Cilente v. Phoenix Life, Index No. 600313/2008, 1/7/2014 (Kapnick, J.)

Fraud and Fraudulent inducement; NY GBL § 349; breach; Insurance Law §§ 4226 and 2123; breach; Fraud and Negligence. 

Plaintiffs allege that they were defrauded into purchasing life insurance policy from defendants.  Initially, plaintiffs created a trust which in turn purchased a $15 million life insurance policy with an annual premium payment of approximately $1.4 million.  A.I. Credit Corp (AIC) financed the premium payment in exchange for a “Master Promissory Note” from plaintiffs.  After plaintiffs’ initial purchase of the policy, defendant, Nesfield, provided plaintiffs with two faxes concerning premium financing.  On February 7, 2005, AIC informed plaintiffs that they were in default on their premium payments.  Plaintiffs could not afford to post the collateral amount of $250,000.  In early 2006, plaintiffs entered into a series of transactions with defendants to reduce their life insurance policy from $15 million to roughly $5.5 million – thus, reducing the premium payments to $335,508 (collectively referred as “2006 Transaction”).  In addition, plaintiffs purchased a new policy, which they then put up as collateral to AIC for the initial policy.  Eventually, in 2007, and after refinancing the original insurance policy, plaintiffs were not able to satisfy the re-structured premium payments, consequently, defaulting.  Thereafter, plaintiffs commenced suit on multiple counts.

First, plaintiffs alleged fraud and fraudulent inducement.  Plaintiffs claimed that defendants concealed material facts and misrepresented the essential risks of premium financing.  Plaintiffs asserted that they materially relied on defendants’ faxes containing “Capital Maximization Strategy Illustrations,” intended to illustrate the proper operation of premium financing.  The court determined that plaintiffs could not have relied on the faxes as the life insurance policy was executed prior to the date the plaintiffs received the faxes.  Furthermore, the court opined that plaintiffs were sophisticated businessmen and it would be difficult for such individuals to be confused by the plain language of the faxes.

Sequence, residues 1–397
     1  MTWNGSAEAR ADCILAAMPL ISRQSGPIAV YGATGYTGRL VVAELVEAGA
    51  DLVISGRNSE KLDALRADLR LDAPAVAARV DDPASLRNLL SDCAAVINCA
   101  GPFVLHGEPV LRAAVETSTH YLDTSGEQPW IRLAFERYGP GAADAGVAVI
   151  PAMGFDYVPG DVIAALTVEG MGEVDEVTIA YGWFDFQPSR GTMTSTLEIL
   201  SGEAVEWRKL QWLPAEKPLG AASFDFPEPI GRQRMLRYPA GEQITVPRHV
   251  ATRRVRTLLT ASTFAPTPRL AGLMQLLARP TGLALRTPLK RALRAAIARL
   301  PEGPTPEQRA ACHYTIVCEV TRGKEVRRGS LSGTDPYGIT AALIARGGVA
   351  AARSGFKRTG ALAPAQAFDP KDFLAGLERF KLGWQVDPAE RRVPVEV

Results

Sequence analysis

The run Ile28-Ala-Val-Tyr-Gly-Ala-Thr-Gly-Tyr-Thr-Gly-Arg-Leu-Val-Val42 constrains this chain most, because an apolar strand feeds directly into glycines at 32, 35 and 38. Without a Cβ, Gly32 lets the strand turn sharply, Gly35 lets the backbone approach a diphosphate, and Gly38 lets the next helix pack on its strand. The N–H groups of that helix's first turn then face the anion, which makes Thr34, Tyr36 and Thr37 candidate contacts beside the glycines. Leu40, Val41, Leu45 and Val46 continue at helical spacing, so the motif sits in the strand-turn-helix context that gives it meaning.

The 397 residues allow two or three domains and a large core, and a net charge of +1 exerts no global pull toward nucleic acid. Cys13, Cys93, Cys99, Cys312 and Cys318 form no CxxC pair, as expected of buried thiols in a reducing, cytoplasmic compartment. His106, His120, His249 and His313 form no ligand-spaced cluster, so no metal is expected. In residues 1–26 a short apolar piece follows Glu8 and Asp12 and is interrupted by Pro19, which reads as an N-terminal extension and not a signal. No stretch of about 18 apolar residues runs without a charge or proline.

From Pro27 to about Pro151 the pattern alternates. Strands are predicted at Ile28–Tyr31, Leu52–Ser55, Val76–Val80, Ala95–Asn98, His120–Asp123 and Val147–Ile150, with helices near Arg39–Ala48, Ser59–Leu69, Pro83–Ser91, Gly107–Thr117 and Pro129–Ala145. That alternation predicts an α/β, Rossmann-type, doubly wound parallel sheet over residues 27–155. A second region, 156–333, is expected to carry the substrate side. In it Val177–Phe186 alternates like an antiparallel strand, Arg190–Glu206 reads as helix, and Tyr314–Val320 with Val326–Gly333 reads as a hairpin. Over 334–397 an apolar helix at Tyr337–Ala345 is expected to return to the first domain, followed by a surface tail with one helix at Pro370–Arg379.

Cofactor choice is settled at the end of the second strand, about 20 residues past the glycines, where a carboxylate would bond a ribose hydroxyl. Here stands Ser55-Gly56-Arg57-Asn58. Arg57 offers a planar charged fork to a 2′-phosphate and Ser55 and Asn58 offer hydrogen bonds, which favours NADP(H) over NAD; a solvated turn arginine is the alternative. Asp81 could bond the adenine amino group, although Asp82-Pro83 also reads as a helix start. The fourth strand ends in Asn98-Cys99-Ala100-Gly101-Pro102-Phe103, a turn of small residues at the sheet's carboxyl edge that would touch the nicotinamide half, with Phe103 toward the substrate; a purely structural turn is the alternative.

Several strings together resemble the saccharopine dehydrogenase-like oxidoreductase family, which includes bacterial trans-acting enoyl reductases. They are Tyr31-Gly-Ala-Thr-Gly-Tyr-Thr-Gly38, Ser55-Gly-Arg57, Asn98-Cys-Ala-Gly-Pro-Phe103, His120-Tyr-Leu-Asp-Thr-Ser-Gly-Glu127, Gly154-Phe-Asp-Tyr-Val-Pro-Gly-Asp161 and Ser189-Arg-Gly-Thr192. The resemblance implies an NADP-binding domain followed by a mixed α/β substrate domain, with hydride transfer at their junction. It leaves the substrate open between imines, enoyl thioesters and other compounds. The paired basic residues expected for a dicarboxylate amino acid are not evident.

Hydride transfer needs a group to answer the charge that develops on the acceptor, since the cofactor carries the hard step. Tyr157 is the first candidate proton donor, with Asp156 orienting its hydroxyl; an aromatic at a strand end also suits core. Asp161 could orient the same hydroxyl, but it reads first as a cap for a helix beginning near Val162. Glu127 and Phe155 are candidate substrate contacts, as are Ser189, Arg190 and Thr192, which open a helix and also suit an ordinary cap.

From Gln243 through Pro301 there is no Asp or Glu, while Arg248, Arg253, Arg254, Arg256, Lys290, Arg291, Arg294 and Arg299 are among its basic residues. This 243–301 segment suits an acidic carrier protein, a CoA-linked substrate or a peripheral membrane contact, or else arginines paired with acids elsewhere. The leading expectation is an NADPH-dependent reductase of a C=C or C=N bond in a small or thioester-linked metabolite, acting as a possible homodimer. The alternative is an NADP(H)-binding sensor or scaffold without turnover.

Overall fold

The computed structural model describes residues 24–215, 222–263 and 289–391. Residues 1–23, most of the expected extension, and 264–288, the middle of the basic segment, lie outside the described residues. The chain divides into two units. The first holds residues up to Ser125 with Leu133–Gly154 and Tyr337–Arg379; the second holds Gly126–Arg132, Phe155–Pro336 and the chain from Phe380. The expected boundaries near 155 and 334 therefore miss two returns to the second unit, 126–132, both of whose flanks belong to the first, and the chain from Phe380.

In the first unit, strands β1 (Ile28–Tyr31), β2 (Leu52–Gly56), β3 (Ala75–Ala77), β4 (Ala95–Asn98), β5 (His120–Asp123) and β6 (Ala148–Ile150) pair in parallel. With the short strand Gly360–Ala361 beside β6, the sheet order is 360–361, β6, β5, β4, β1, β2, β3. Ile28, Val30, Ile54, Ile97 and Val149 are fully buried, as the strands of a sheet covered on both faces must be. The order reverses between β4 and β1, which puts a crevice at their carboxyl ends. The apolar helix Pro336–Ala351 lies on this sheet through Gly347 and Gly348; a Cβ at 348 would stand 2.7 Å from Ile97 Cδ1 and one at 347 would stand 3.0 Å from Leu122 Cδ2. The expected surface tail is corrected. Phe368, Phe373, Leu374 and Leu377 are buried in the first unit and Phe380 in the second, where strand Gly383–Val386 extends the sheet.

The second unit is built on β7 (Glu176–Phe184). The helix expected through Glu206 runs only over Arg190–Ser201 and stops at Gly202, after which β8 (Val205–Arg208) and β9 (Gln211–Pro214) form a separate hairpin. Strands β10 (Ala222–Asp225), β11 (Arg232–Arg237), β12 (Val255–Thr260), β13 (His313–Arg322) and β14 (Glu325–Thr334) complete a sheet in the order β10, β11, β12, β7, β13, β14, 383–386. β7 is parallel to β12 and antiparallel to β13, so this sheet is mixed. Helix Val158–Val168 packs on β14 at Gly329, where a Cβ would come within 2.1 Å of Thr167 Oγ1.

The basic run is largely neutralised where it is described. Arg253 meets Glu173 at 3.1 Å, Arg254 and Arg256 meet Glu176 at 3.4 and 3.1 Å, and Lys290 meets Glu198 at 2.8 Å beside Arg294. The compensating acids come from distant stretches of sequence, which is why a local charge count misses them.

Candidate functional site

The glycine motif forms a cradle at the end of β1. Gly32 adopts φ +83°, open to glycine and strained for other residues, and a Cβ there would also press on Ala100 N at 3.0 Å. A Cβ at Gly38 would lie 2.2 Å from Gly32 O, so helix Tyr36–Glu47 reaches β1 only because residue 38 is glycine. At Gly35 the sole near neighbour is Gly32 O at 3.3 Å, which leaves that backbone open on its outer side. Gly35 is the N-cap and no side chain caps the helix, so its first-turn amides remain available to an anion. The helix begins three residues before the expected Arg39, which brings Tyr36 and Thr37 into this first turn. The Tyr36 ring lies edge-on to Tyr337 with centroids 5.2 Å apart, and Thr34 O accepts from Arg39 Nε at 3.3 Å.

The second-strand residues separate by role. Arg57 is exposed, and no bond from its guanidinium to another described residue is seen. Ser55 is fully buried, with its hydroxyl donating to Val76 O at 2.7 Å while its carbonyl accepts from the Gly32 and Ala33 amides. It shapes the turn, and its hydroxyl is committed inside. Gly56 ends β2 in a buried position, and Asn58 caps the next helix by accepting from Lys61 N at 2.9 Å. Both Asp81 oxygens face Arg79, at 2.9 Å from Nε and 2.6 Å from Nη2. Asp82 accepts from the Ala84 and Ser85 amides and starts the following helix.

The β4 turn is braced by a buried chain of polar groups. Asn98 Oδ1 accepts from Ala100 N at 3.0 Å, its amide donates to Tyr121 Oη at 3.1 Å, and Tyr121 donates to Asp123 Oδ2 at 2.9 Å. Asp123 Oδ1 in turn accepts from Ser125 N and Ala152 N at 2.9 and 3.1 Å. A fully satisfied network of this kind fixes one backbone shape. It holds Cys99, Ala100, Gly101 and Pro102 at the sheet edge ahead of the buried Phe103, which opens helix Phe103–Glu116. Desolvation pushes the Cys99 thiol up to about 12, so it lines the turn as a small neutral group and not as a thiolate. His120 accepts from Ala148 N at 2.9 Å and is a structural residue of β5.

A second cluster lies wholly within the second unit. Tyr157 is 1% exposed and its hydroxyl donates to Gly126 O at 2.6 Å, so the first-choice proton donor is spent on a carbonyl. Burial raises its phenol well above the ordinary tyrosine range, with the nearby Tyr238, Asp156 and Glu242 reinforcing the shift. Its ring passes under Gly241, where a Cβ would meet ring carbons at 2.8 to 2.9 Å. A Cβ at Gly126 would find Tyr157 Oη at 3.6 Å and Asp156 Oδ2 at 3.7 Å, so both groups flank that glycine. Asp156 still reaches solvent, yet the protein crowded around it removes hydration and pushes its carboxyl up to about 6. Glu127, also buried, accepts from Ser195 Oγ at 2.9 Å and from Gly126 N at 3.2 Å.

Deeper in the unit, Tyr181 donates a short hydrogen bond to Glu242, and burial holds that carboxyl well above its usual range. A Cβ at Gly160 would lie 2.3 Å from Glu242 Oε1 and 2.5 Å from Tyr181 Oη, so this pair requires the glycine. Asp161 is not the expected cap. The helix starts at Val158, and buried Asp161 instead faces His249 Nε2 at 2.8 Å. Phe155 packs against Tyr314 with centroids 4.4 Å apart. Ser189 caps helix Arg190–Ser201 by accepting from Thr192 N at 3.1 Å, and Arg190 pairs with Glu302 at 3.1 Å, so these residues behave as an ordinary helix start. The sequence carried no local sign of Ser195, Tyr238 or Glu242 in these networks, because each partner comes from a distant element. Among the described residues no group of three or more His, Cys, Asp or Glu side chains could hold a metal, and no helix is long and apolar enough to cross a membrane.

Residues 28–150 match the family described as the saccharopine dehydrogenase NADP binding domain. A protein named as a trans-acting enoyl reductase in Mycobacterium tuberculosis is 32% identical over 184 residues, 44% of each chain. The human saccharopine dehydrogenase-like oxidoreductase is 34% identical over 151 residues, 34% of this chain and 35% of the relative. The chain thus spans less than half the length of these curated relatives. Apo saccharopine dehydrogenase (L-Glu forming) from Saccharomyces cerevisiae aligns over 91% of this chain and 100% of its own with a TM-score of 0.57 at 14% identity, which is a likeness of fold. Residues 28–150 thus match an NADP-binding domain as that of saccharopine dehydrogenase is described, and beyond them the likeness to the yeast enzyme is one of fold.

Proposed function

Second, plaintiffs argued that defendants violated NY General Business Law § 349.  Defendants moved for summary judgment, arguing that they made no material misrepresentations.  The court held in favor of defendants, holding that the plaintiffs failed to satisfy the three basic elements of § 349.  Additionally, the Court held that for the same reasons articulated in rejecting plaintiffs’ fraud claims, under § 349, defendants made no misrepresentations to plaintiffs.

Third, plaintiffs alleged breach of Insurance Law Claims §§ 4226, and 2123.  Plaintiffs argued that defendants failed to present plaintiffs with any “Disclosure Statements” for the refinancing of the original policy and the subsequent purchase of the new policy.  Once again, plaintiffs’ contentions fell flat.  The Court opined that, with respect to § 4226(d), plaintiffs failed to make a prima facie showing that defendants “knowingly” violated Regulation No. 60.  All in while taking note that defendants conceded to a technical violation of Regulation No. 60.  Nonetheless, the Court denied defendants’ Motion for Summary Judgment to dismiss plaintiffs’ insurance law claims.  The Court reasoned that there were additional factual issues in dispute, mostly focusing on the issue of proximate cause, which the Court deemed is a question of fact for the jury.

Lastly, plaintiffs’ allege fraud and negligence in relation to the 2006 transactions.  Plaintiffs’ contended that defendants failed to disclose that the 2006 transactions would result in a $400,000 surrender charge for the initial insurance policy, and the subsequent conversion of the policy into a “Modified Endowment Contract” (MEC).  The Court asserted that the initial policy expressly disclosed the events that could potentially trigger a surrender charge.  The Court further opined that the faxes provided to the plaintiffs clearly illustrated that the initial policy would convert to a MEC in Year 4.  In closing, the Court stated, “the surrender charge and change to MEC were disclosed to plaintiffs prior to entering into the 2006 transaction.”  In short, the Court severed the Insurance Law claims against defendants, and dismissed all other causes of actions without prejudice.

Cilente v. Phoenix Life, Index No. 600313/2008, 1/7/2014 (Kapnick, J.).

Authored By:

Kumail Mirza

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